Changing our minds about anything can be a challenging effort, especially if we have to do it in a very public way.
Generally, when we decide significant things, we weigh the pros and cons, research the topic for various points of view, discuss it with our friends and those whose opinions we share, and then we decide. Sometimes it is for mundane things like where to go for vacation, how much to spend on a car or where to have a special meal or outing.
But sometimes it can have major significance, such as how we vote in an election.
This is the challenge facing voters and statewide and local politicians as we edge toward the June 13 Democratic primary.
On Feb. 24, 2015, Dr. Ralph Northam, currently the state’s lieutenant governor, declared his intent to run for Virginia’s governor. He had the field almost to himself until Jan. 5, 2017, when former U.S. Rep. Tom Perriello decided to challenge him.
In the many months when Northam crisscrossed the state, raising millions of dollars, he was viewed as the “presumptive Democratic nominee,” by himself and his party colleagues. They fell in lockstep to support him in the race.
But this isn’t the same race as it was two years ago, and it may be time for voters and politicians to examine more closely the two candidates.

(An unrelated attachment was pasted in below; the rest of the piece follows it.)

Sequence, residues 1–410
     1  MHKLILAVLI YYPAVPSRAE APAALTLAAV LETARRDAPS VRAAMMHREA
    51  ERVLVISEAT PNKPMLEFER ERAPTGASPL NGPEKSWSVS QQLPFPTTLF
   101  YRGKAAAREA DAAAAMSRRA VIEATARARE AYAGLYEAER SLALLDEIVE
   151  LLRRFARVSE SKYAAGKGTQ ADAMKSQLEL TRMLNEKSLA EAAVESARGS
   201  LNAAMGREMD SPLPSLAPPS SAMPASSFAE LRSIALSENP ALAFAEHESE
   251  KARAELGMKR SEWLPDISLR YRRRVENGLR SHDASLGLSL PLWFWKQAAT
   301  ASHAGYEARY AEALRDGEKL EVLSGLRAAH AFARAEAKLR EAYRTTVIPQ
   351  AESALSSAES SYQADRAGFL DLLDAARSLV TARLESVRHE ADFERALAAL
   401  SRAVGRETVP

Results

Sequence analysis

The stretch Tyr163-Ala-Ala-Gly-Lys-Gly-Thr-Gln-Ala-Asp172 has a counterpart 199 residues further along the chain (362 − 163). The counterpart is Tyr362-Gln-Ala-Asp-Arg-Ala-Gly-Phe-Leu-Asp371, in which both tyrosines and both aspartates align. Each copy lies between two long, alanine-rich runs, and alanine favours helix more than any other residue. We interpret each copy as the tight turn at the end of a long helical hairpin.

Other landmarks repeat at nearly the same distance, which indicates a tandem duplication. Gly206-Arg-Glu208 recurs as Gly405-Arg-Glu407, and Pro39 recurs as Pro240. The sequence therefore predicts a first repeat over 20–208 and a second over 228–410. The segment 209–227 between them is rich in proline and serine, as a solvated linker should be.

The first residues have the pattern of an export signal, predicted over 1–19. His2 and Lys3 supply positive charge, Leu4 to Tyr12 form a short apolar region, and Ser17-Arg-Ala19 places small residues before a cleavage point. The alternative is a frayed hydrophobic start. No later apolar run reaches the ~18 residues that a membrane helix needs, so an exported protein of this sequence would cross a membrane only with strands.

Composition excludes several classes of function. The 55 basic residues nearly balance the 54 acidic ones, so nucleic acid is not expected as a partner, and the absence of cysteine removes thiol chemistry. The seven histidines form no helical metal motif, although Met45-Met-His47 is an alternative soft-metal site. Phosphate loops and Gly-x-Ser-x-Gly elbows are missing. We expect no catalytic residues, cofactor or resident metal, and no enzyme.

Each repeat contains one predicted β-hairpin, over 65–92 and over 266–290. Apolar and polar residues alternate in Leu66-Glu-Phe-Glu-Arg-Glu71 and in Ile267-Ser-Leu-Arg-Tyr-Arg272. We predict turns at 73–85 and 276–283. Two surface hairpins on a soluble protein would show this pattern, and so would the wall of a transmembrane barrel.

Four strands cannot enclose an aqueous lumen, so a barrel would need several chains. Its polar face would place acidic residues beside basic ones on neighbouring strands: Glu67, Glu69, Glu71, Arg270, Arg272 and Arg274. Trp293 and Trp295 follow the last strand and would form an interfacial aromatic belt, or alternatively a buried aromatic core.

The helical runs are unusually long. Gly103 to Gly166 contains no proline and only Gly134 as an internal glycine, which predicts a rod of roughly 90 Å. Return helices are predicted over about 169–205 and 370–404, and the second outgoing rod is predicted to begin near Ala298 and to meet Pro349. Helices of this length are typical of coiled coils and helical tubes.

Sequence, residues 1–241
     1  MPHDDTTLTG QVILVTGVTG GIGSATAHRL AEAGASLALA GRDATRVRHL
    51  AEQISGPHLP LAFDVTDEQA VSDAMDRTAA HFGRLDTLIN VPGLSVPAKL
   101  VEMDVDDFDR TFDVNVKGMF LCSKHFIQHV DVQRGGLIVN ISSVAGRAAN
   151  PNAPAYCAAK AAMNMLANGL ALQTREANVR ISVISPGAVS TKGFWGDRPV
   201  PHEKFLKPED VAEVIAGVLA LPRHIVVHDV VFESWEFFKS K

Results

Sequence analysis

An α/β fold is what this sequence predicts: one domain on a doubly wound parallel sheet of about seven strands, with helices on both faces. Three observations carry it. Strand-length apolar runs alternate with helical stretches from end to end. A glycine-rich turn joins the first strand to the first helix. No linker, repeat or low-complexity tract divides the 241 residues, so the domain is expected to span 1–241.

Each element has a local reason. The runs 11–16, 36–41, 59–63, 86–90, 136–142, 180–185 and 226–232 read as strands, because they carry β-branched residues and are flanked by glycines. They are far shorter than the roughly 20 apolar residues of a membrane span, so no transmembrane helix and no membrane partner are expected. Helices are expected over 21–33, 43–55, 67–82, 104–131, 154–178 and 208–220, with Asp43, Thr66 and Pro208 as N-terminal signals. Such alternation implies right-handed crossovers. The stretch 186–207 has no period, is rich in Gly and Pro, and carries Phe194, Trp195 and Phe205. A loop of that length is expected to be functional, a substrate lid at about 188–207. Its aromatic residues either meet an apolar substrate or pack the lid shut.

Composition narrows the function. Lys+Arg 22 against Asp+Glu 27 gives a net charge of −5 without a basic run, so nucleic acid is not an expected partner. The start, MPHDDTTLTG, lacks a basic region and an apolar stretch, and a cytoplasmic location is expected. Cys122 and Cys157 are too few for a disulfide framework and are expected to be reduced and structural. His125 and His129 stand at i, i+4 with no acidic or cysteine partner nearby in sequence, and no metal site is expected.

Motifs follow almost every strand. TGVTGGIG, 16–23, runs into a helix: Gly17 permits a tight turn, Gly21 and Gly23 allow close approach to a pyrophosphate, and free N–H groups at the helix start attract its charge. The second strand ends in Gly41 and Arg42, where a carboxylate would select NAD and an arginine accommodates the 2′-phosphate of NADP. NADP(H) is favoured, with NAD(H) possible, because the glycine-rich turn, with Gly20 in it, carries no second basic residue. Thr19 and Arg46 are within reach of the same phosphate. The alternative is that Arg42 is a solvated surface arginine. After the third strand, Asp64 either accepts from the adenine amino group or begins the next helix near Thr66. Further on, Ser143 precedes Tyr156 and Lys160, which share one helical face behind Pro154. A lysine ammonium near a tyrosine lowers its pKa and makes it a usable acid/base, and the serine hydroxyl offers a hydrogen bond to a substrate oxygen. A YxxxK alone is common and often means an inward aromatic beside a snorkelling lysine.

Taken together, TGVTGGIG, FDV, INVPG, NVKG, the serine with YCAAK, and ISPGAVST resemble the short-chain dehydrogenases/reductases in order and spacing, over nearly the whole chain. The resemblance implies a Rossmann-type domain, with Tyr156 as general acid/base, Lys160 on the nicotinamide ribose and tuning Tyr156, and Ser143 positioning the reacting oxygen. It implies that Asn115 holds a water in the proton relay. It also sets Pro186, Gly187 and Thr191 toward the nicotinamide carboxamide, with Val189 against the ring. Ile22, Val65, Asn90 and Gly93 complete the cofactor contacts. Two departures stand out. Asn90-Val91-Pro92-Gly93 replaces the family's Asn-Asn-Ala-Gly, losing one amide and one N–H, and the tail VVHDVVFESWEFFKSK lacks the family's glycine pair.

As CNN noted in its coverage of this close race, “Perriello is viewed as a progressive champion among Virginia Democrats while Northam is view viewed as a more traditional, moderate Democrat.” In other words, one wants to shake things up and the other favors the “don’t make waves” approach.
Isn’t it time we ask our state politicians why they continue to support someone who has openly declared that he voted for former President George Bush twice? Shouldn’t he be running in the GOP Primary? Why are our elected Virginia Democratic politicians continuing to support a candidate who freely advocates for fracking, drilling in the Atlantic and letting Dominion Power have the major say in the state’s energy and environmental policies? He has voted against Climate Change improvement policies, in a state with the second most vulnerable coastline.
Northam is a decent, hard-working, empathetic man who has brought health care to many. He is a great doctor! No one denies this. But very few lieutenant governors ever make it up the next rung of the ladder.
It’s time for politicians and their constituents to examine the stark differences in their leadership style. Northam, in the Washington Post, claims “the Virginia way is, at the end of the day, we are going to do what’s in the best interest of Virginia.” In response, Perriello challenges that “Leadership is about making tough choices. It’s not about accepting a ‘Virginia way’ that has choked too much of the kind of solutions we need for a new generation.”
We encourage people to “change their minds” in the privacy of the voting booth, or in the public conversation surrounding this election. We either go forward or backward. That’s the choice, not marching in tandem with a campaign vision fashioned 15 months ago, not one for now.
Kathleen M. Burns